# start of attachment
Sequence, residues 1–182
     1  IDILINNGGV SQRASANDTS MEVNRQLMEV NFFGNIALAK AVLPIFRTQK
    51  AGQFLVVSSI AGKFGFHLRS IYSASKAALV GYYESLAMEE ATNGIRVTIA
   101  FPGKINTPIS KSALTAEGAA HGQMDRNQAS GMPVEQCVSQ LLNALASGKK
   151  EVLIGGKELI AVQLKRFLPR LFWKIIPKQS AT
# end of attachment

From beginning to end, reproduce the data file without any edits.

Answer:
Sequence, residues 1–182
     1  IDILINNGGV SQRASANDTS MEVNRQLMEV NFFGNIALAK AVLPIFRTQK
    51  AGQFLVVSSI AGKFGFHLRS IYSASKAALV GYYESLAMEE ATNGIRVTIA
   101  FPGKINTPIS KSALTAEGAA HGQMDRNQAS GMPVEQCVSQ LLNALASGKK
   151  EVLIGGKELI AVQLKRFLPR LFWKIIPKQS AT